The former Yugoslav Republic of Macedonia – Taxation

Table of Contents:

The former Yugoslav Republic of Macedonia – Taxation

Outline of the Community (European Union) legislation about The former Yugoslav Republic of Macedonia – Taxation


These categories group together and put in context the legislative and non-legislative initiatives which deal with the same topic.


The former Yugoslav Republic of Macedonia – Taxation

acquis) and, more specifically, the priorities identified jointly by the Commission and the candidate countries in the analytical assessment (or ‘screening’) of the EU’s political and legislativeacquis. Each year, the Commission reviews the progress made by candidates and evaluates the efforts required before their accession. This monitoring is the subject of annual reports presented to the Council and the European Parliament.

Document or Iniciative

Commission Report – [COM(2011) 666 final – SEC(2011) 1203 – Not published in the Official Journal].


The former Yugoslav Republic of Macedonia received the status of candidate country for accession to the European Union (EU) in 2005. The Accession Partnership, adopted by the Council in 2008, supports the country’s preparations for its future accession and the aligning of its legislation with the Community acquis. In 2008, negotiations for accession had not yet started since some progress still needed to be made with regard to the objectives and conditions defined within the framework of the Partnership.

The 2011 Report notes improvements concerning the operational capacities of the tax authority. However, improvements to combat tax fraud are required.

EUROPEAN UNION ACQUIS (according to the Commission’s words)

The acquis on taxation essentially covers the area of indirect taxation, which comprises VAT (value-added tax) and excise duties. It lays down scope, definitions and principles for VAT. Excise duties on energy products, tobacco products and alcoholic beverages are regulated by EU legislation. With regard to direct taxation, the acquis covers some aspects of the taxation of individuals’ savings and corporate taxes. Furthermore, Member States are required to comply with the principles of the code of conduct relating to corporate taxes, which seeks to abolish harmful tax measures. Administrative cooperation and mutual assistance between Member States aims at ensuring the smooth running of the internal market in the field of taxation and provides instruments for preventing intra-Community fraud and tax evasion. Member States must ensure that they have the necessary implementation capacities, specifically connectivity with the EU’s IT taxation systems.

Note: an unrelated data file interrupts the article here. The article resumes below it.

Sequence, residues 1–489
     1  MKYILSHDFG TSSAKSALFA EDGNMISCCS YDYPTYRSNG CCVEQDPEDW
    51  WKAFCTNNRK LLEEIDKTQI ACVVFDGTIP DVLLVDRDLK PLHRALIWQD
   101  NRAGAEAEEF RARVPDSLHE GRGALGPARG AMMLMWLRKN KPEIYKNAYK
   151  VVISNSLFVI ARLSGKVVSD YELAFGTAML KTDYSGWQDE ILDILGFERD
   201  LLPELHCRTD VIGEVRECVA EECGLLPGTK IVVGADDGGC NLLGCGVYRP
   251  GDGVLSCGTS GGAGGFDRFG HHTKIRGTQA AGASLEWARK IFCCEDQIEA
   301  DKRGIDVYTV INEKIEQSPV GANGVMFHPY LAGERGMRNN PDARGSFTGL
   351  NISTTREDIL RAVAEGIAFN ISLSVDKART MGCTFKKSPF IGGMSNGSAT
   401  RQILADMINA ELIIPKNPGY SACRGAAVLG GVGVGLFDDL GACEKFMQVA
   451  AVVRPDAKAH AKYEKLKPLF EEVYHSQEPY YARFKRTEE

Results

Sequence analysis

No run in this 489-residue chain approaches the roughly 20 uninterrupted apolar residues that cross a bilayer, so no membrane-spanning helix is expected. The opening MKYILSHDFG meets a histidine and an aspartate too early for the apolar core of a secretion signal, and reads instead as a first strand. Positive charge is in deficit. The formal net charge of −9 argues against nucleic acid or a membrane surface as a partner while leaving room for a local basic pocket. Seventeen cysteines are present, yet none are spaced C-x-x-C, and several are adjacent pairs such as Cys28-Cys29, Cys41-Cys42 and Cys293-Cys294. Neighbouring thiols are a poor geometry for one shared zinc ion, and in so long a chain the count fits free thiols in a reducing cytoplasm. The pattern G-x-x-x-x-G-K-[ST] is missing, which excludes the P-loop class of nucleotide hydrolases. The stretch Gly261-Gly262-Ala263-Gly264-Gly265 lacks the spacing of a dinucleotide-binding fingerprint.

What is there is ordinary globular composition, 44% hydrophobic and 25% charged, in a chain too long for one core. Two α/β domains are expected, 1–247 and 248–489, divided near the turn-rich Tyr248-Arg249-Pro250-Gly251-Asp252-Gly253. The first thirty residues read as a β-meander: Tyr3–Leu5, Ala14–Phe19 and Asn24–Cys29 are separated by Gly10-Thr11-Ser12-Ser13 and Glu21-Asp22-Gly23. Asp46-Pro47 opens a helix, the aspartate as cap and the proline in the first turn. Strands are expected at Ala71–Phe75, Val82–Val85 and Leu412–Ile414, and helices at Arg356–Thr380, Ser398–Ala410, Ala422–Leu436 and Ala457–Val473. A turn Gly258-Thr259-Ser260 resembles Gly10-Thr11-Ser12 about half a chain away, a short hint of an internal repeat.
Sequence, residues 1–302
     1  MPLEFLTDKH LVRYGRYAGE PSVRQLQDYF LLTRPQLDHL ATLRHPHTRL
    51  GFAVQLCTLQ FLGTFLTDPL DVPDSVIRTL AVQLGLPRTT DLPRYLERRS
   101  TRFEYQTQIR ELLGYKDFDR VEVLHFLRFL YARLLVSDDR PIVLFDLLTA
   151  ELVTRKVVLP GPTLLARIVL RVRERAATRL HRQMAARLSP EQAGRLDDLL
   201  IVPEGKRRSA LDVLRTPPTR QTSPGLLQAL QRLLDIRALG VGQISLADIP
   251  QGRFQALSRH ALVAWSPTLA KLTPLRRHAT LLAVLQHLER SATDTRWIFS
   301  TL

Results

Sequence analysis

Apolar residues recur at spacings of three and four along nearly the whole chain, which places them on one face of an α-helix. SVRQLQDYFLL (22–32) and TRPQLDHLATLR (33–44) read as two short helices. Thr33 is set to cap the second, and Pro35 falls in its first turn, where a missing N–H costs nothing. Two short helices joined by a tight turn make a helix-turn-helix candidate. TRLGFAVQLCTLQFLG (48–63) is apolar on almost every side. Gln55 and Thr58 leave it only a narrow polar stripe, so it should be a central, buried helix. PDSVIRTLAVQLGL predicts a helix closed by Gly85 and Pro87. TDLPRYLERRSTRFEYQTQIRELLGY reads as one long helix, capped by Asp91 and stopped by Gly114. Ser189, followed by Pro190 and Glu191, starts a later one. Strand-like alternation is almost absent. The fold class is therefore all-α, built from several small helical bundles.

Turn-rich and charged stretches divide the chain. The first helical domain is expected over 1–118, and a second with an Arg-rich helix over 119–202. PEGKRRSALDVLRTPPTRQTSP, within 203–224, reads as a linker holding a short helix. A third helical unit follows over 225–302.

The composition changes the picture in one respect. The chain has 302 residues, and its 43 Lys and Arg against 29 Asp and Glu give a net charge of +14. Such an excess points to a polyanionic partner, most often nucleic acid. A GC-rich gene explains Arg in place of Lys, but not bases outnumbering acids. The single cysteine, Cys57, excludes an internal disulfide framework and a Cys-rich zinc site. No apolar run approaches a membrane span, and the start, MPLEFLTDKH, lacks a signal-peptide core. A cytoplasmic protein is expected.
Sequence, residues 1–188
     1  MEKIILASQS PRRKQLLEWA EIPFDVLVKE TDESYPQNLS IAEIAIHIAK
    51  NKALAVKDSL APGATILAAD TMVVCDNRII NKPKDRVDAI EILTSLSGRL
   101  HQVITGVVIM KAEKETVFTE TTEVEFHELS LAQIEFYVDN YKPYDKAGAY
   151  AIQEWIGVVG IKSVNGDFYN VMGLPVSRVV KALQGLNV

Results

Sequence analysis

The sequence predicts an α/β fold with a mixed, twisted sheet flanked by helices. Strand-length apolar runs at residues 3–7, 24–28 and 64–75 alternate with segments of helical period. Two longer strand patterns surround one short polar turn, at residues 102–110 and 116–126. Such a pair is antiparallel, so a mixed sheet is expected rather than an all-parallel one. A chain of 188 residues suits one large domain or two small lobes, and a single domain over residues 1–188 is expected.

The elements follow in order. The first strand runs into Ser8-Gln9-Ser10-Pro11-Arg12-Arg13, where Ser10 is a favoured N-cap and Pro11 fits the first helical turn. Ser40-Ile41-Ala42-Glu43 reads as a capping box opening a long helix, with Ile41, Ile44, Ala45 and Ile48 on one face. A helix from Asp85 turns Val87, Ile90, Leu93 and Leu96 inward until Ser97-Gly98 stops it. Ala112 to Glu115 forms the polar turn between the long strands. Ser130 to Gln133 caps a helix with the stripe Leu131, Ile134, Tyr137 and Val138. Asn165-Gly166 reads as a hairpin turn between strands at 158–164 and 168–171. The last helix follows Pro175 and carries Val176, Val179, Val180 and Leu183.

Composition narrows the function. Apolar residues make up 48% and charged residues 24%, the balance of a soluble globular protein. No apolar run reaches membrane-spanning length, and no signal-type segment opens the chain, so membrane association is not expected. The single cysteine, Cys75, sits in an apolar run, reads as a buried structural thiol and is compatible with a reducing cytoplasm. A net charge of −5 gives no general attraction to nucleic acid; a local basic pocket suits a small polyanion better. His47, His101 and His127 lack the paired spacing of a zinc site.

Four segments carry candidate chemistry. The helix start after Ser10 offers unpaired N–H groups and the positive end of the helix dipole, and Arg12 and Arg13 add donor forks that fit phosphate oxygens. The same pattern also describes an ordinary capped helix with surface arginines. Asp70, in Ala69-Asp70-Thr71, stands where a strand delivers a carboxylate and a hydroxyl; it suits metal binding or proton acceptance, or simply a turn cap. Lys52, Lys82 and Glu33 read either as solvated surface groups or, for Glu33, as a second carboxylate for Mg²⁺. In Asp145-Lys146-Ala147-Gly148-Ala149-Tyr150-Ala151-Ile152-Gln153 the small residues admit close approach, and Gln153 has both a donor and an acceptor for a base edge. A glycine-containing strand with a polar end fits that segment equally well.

EVALUATION (according to the Commission’s words)

Limited progress can be reported in the field of harmonisation of taxation legislation
with the acquis. Operational capacity for the administration of taxes continued to improve. Effective means to combat tax fraud have yet to be introduced and a code of conduct for business taxation is not yet in place.

Related Acts

Commission Report [COM(2010) 660 final –SEC(2010) 1327 – Not published in the Official Journal].

In its 2010 Report, the Commission regrets the low level of harmonisation made with regard to direct and indirect taxation. However, the operational capacities of the tax authority have been strengthened.

Commission Report [COM(2009) 533 final – SEC(2009) 1334 – Not published in the Official Journal].

Commission Report [COM(2008) 674 final – SEC(2008) 2699 – Not published in the Official Journal].
The November 2008 report
notes progress made in terms of the administrative capacity of the Public Revenue Office. However, no improvements have been seen with regard to legislative alignment, particularly in the area of direct taxation.

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